This installment of the Eternal Champion, The Albino Underground, is, to say the least, complex. I've spent two days trying to boil down the plots to some sort of comprehensible précis, and finally decided that, aside from the impracticality, the events themselves are not the important part. Suffice it to say, they are complex and the cast alone is staggering. Working on the side of the Cosmic Balance are Elric and Ulric von Bek, who are linked and who are sometimes the same entity. Ulric's wife, Oona, is the daughter of Elric and Oone the Dreamthief, whose meeting was related in The Fortress of the Pearl (1989). Oona is joined in her part of the quest by a highly educated and articulate Red man named Ayanawatta, whom we know as Hiawatha, and a mysterious albino youth known as the White crow. Oswald Bastable makes appearances in all three novels. Ulric and Oona's granddaughter, Oonagh Beck, meets Bastable and Elric (in his guise as Monsieur Zodiac) and is aided by Renyard the fox, who dresses as a seventeenth-century dandy. They are opposed by Gaynor the Damned, a Knight of the Balance gone bad, who merely wants to be sure the multiverse doesn't outlive him, and his mysterious and repellent sometime-ally, sometime-henchman, sometime-adversary Johannes Klosterheim, who may be a defrocked priest, and their various allies. There are also assorted gods, elementals, Lords of Law and Chaos, and various indigenous tribes.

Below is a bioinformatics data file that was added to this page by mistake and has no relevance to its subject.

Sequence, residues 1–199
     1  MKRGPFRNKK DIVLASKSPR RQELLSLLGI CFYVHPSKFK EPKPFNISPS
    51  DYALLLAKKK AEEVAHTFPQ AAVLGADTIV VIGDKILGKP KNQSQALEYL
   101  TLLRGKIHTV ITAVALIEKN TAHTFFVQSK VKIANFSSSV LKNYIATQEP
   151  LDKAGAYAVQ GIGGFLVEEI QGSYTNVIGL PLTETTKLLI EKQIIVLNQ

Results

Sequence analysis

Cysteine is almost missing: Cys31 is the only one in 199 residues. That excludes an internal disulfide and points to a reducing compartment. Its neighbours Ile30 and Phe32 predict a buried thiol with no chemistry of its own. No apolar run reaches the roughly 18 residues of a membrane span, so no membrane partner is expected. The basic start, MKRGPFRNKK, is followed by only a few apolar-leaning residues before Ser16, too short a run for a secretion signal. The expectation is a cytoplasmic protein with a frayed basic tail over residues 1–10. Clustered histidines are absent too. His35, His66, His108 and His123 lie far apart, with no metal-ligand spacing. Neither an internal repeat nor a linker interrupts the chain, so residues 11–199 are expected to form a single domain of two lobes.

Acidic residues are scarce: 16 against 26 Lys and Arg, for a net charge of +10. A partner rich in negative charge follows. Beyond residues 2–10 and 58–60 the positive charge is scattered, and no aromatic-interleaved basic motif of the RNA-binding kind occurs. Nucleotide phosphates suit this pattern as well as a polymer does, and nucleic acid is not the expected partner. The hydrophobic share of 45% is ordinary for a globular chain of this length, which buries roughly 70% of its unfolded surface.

Let me add that no one in this set of stories is really bound by strictures of time and place, although some move more easily among the facets of the multiverse than others.

Moorcock is really a weaver of tales, and this series is a prime example. Strands come together, not only the parts of this episode, but of the entire grand cycle. Various avatars of the Eternal Champion meet: Elric and Ulric are bound, and indeed, even blend to become the same entity on several occasions. Elric actually appears in several guises. White Crow, who accompanies Oona on her journey and fights beside Elric and Ulric at the end of The Skrayling Tree, is none other than a younger Elric on an early dream quest, as the mature Elric is on what may be his last. Oona remembers, or dreams of being Irian of Garathorm, fighting against the destruction of her world. Dorian Hawkmoon appears briefly, and by reference, in The Dreamthief 's Daughter. There is a brief reference to a "Fra. Cornelius," whom we may guess is Jerry Cornelius, another of Moorcock's heroes from another cycle. There is even a doppelganger for Elric's companion Moonglum in the guise of an itinerant priest; Moonglum himself is an avatar of the archetypal Companion. Gaynor appears as the Viking Gunnar the Doomed. It seems that only Klosterheim customarily remains himself.